When Holden is faced with a problem, instead of facing it and slowly working his way through it, he tries to get rid of it entirely. He does not want to be thrown into the real world and will do anything to not be put in those “adult like situations”. I believe that Holden’s issues arose about the time when his younger brother Allie passed away due to leukemia when he was only eleven. Holden has the choice to either act like an adult or play like a child when he comes across a problem. But not surprisingly, he can’t choose which path to follow, so he stays stuck in the middle.
With the use of diction, J.D Salinger is able to portray Holden Caulfield as a troubled teen who is facing tribulations after the death of his brother. As adolescents we tend to face tribulations which change our outlook on life. These tribulations which are caused by the loss of close relatives or friends tend to leave an unforgettable mark within us. Adolescents who go through this grieving process lose trust in people or may see the society as an unfair place. While reading the novel The Cather In The Rye, we meet Holden Caulfield who
In the novel The Catcher in the Rye by JD Salinger, Holden faces many hardships after his brother 's death. Holden 's mental illness is inferred through his lack of control, isolating himself from others, and relieving the past which caused him to not move
Holden is very young when he loses his brother, which could be the reason he does not know how to deal with the situation correctly. Throughout the novel, Holden continues to think about Allie. For example, he wrote about him in a paper and he pleads to Allie in New York (Bennett 129). Psychoanalytic interpretations help readers to try and understand Holden’s psyche in order to figure out why Holden acts the way he does (Bennett 129). Looking at Caulfield’s childhood, which had a very traumatic event, could be the cause of his erratic behavior (Bennett 129).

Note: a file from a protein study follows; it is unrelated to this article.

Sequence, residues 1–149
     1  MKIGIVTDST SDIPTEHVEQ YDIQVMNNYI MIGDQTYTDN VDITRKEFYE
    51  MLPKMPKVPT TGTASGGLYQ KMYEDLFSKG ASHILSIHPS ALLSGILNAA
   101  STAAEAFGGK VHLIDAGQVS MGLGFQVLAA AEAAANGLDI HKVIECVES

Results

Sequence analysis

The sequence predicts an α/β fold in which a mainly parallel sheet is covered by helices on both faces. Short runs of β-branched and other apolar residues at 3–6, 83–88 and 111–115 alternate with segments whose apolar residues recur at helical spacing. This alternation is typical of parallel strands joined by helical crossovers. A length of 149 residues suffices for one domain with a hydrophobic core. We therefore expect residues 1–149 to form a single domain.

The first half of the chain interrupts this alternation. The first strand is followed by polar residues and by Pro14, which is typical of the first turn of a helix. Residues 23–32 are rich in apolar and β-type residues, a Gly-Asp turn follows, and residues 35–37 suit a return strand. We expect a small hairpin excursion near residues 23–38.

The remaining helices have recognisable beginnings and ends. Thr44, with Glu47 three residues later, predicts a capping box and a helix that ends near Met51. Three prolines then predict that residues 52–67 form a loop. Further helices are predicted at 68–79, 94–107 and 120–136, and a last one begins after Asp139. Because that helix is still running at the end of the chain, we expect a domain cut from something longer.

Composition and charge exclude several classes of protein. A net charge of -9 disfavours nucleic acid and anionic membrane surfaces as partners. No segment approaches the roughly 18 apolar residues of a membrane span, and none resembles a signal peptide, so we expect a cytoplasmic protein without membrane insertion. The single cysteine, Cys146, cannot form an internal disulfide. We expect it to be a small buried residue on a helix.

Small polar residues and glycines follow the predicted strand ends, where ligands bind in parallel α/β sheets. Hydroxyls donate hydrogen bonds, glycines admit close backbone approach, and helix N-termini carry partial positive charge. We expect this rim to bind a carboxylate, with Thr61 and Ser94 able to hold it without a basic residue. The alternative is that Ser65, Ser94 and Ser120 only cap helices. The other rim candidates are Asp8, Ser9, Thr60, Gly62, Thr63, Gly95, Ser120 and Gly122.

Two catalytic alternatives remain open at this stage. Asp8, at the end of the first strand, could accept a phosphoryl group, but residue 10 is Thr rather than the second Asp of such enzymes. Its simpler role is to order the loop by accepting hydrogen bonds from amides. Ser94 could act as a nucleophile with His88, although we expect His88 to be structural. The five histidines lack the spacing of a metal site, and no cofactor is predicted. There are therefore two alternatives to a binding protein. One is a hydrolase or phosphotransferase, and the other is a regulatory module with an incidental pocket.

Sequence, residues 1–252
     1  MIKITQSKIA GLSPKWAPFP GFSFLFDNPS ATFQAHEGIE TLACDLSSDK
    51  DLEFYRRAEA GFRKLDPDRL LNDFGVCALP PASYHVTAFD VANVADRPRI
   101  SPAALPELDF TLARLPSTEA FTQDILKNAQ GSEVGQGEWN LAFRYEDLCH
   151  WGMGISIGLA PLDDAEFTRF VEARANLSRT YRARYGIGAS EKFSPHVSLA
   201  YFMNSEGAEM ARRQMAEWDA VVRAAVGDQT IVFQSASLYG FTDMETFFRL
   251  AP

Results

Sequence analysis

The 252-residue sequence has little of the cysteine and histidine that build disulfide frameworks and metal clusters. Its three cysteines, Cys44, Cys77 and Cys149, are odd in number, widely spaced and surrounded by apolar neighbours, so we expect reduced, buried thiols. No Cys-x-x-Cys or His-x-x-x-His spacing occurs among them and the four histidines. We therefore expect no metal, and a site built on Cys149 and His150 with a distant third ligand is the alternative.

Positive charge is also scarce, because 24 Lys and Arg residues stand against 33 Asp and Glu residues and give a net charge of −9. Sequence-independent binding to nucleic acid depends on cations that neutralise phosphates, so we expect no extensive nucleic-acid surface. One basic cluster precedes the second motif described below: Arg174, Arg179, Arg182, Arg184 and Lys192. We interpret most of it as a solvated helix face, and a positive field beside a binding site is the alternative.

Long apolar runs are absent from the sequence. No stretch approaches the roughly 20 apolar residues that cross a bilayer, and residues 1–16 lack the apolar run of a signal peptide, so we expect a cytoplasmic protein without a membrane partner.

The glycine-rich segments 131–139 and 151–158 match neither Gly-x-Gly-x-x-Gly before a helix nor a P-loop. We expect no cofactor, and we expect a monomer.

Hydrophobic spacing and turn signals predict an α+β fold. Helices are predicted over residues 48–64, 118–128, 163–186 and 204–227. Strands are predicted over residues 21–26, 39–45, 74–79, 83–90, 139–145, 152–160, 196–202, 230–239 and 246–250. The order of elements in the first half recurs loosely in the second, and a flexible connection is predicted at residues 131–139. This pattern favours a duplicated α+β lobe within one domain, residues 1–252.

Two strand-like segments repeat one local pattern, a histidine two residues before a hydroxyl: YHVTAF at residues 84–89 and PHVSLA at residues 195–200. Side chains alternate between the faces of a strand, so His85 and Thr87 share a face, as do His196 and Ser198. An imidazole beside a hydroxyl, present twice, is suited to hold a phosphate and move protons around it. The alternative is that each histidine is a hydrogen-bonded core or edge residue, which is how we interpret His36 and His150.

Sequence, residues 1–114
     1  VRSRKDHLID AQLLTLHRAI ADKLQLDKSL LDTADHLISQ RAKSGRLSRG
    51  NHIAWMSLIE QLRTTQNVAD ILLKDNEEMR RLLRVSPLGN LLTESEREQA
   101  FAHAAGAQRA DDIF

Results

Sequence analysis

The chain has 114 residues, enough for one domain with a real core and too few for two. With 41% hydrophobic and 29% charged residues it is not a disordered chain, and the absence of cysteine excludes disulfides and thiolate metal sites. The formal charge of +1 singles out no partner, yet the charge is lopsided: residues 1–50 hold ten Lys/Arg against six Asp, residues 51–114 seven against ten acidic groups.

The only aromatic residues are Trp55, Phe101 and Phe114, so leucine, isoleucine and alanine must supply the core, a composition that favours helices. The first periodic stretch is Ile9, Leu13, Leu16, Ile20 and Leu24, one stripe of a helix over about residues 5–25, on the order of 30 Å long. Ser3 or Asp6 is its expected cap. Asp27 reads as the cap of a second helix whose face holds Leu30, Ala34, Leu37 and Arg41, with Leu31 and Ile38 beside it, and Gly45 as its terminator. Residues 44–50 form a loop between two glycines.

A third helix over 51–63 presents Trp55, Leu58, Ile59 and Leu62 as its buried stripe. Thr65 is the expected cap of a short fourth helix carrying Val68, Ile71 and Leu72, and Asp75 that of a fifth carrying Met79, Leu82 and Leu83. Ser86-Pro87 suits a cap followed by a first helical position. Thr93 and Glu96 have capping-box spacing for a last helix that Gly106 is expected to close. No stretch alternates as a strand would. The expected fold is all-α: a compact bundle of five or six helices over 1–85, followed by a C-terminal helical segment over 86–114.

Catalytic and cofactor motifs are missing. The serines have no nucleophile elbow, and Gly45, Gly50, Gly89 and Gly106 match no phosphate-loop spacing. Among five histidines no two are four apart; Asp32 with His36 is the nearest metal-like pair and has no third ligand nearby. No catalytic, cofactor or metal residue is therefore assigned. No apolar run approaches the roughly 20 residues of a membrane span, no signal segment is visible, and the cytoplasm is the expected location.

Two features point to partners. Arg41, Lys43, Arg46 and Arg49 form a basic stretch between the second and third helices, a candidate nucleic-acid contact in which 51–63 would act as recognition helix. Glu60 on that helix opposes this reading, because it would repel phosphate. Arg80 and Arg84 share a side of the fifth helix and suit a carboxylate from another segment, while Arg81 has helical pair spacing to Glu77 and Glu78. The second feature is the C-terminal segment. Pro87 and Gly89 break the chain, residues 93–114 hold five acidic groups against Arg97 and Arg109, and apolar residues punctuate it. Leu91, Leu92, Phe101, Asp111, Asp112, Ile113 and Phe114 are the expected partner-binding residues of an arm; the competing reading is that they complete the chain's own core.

Nikki had placed a restraining order on Pat for beating her up, soon after he was diagnosed with the disorder of Bipolar. He has medication, but refuses to take the medication due to the fact that it makes him feel funny and he does not like the feeling. He had to go to therapy classes to make him feel
Within the play Hamlet a variety of events occur that could have psychological effects on a person. Hamlet clearly demonstrated signs of depression which could be linked to several events within the play, but can most likely be traced back to one event in particular. Many of the outburst can be due to losing his father while still at a young age. Although Hamlet is not a very young child, he is only entering the adult world. Many of the things he is experiencing, such as depression, manic episodes, and delusions can all be related back to the loss of his father.
Mr. Ackley believes his constant fall is because he has given up from the world and wants to isolate himself from the environment he is in. The criticism Mr. Ackley gives Holden makes him realize his problems that he has caused himself such as alienating himself which made him lonely. When Holden falls asleep and Mr. Ackley kisses Holden on the forehead, Holden is quick to judge and accuses Mr. Ackley of being gay. He realizes that he has hurt Mr. Ackley’s feelings and begins to question actions of making quick judgements on people. He soon begins to change his ways and accept that people have feelings.
Due to the development of mental illness, he had a difficult time of the formation of his identity. As a result, his mental illness leads him to isolation and difficulty of viewing him self as a “normal” person. Nathaniel defined himself as mentally ill, and this self-definition may represent the greatest component of his identity, contributing to his own sense of stigmatization. Nathaniel showed interest in listening to his friend and his sister and taking medications for his own benefit. Despite that his in late twenties, he still needs some reinforcement to consider his own life to take it seriously and listen to his friend who looks after him.
Whenever his growing odd behavior is brought to his attention by others, he becomes defensive, angry, and refuses to acknowledge that anything is wrong with him. He hallucinates that the world around him is an adventure out at sea. By the end of the novel he accepts his mental illness, and that he needs help. He comes to the realization that he actually isn't at sea, and instead, he’s in a hospital. Eventually,
In the book The Boy In The Striped Pajamas, Shmuel was beaten because Bruno didn’t tell Kurt that Shmuel and him were friends and they knew each other but if he did then he might have gotten hurt even more. One afternoon Shmuel had a black eye, and when Bruno asked him about it he just shook his head and said that he didn’t want to talk about it (Boyne 150). Bruno felt an urge to help his friend but he couldn’t think of anything he could do to make it better, and he could tell that SHmuel wanted to pretend it had never happened (Boyne 150). This is another reason why it was bad that Bruno was naive about the